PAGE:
The majority of neoplasms are responsible for symptoms caused by mass effects to surrounding tissues and/or through the development of metastases. However, occasionally neoplasms, with or without endocrine differentiation, acquire the ability to secrete a variety of bioactive substances or induce immune cross-reactivity with the normal tissues that can lead to the development of characteristic clinical syndromes. These syndromes are named endocrine paraneoplastic syndromes when the specific secretory components (hormones, peptides or cytokines) are unrelated to the anticipated tissue or organ of origin. Endocrine paraneoplastic syndromes can complicate the patient’s clinical course, response to treatment, impact prognosis and even be confused as metastatic spread. These syndromes can precede, occur concomitantly or present at a later stage of tumour development, and along with the secreted substances constitute the biological ‘fingerprint’ of the tumour. Their detection can facilitate early diagnosis of the underlying neoplasia, monitor response to treatment and/or detect early recurrences following successful initial management. Although when associated with tumours of low malignant potential they usually do not affect long-term outcome, in cases of highly malignant tumours, endocrine paraneoplastic syndromes are usually associated with poorer survival outcomes. Recent medical advances have not only improved our understanding of paraneoplastic syndrome pathogenesis in general but also enhanced their diagnosis and treatment. Yet, given the rarity of endocrine paraneoplastic syndromes, there is a paucity of prospective clinical trials to guide management. The development of well-designed prospective multicentre trials remains a priority in the field in order to fully characterise these syndromes and provide evidence-based diagnostic and therapeutic protocols.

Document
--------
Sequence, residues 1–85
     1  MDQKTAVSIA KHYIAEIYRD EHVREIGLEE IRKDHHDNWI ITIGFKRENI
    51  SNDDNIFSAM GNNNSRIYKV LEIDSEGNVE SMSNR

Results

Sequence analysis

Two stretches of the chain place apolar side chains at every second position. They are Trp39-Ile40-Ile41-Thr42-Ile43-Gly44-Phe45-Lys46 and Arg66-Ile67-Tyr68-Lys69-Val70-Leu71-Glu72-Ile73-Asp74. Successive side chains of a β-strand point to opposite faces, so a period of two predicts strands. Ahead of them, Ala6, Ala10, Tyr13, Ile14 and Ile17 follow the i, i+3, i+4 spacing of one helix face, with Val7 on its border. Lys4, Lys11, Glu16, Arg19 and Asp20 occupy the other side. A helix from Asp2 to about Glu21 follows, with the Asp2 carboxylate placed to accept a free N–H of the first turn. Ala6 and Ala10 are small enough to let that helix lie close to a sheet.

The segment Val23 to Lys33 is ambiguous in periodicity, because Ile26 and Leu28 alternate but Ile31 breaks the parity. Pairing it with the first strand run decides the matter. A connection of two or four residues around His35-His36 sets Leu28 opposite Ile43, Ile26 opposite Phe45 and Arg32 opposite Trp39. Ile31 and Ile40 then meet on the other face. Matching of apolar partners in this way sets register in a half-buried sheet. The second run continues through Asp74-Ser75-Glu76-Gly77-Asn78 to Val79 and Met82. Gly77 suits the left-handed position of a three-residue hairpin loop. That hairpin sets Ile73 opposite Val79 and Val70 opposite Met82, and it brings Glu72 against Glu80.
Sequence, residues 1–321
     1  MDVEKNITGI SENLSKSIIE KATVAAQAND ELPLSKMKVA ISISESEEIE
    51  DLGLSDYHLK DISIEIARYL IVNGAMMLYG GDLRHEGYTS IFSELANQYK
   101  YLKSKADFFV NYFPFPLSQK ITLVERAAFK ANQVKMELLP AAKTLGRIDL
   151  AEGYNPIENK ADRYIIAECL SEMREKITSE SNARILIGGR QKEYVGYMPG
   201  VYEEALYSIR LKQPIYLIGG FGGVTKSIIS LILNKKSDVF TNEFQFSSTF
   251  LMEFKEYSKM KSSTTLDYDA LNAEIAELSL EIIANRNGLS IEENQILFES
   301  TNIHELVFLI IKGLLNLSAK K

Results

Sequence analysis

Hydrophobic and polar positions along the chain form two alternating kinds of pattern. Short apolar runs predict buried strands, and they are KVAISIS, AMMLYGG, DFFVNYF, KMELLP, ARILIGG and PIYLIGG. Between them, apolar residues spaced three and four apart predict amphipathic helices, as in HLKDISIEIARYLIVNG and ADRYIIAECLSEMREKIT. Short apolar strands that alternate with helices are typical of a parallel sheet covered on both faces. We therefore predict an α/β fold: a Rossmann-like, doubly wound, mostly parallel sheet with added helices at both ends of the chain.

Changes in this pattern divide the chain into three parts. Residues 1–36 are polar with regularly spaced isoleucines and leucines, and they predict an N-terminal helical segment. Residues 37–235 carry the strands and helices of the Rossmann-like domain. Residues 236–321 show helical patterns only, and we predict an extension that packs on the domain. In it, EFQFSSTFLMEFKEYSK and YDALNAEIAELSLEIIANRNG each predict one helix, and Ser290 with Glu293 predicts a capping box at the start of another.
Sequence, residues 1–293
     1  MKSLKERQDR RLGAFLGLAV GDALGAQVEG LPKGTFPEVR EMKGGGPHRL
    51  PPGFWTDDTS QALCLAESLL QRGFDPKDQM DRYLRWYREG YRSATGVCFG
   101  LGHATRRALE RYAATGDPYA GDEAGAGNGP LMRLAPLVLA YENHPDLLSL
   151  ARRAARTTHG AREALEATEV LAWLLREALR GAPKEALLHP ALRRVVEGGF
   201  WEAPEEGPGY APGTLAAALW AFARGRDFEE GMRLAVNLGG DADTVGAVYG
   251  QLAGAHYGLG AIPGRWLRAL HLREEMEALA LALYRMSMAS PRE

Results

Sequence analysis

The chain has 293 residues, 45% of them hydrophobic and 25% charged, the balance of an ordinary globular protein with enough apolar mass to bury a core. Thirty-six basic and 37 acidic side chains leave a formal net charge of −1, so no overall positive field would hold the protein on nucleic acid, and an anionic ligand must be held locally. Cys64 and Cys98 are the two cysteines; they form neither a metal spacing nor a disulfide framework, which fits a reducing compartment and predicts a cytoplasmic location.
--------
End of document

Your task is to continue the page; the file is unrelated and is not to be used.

Pia Roser, Bianca M Leca, Claudia Coelho, Klaus-Martin Schulte, Jackie Gilbert, Eftychia E Drakou, Christos Kosmas, Ling Ling Chuah, Husam Wassati, Alexander D Miras, James Crane, Simon J B Aylwin, Ashley B Grossman, and Georgios K Dimitriadis
Parathyroid carcinoma is one of the least common endocrine malignancies and accounts for approximately 1% of all patients with primary hyperparathyroidism. A systematic review of peer-reviewed literature published between January 2000 and March 2022 via Medline, Embase, Cochrane Central Register of Controlled Trials, EudraCT, ClinicalTrials.gov, CINAHL and SCOPUS was conducted. Manuscripts were eligible if they included data on adult non-pregnant populations with parathyroid carcinoma. No restrictions regarding interventions, comparators or duration of follow-up were imposed. Single case reports, reviews or meta-analyses were excluded. Outcomes of interest were molecular pathogenesis, clinical presentation, differential diagnosis, treatment, follow-up and overall survival. Study quality was evaluated using the Newcastle–Ottawa Scale for observational studies.
This review included 75 studies from 17 countries, reporting on more than 3000 patients with parathyroid carcinoma. CDC73 mutation has been recognised as playing a pivotal role in molecular pathogenesis. Parathyroid carcinoma typically presents with markedly increased calcium and parathyroid hormone levels. The most frequently described symptoms were bone and muscle pain or weakness. En bloc resection remains the gold standard for the surgical approach. The 5-year overall survival ranged from 60 to 93%, with resistant hypercalcaemia a significant cause of mortality. Emerging evidence indicating that targeted therapy, based on molecular biomarkers, presents a novel treatment option. The rarity of PC and need for personalised treatment warrant multidisciplinary management in a ‘centre of excellence’ with a track record in PC management.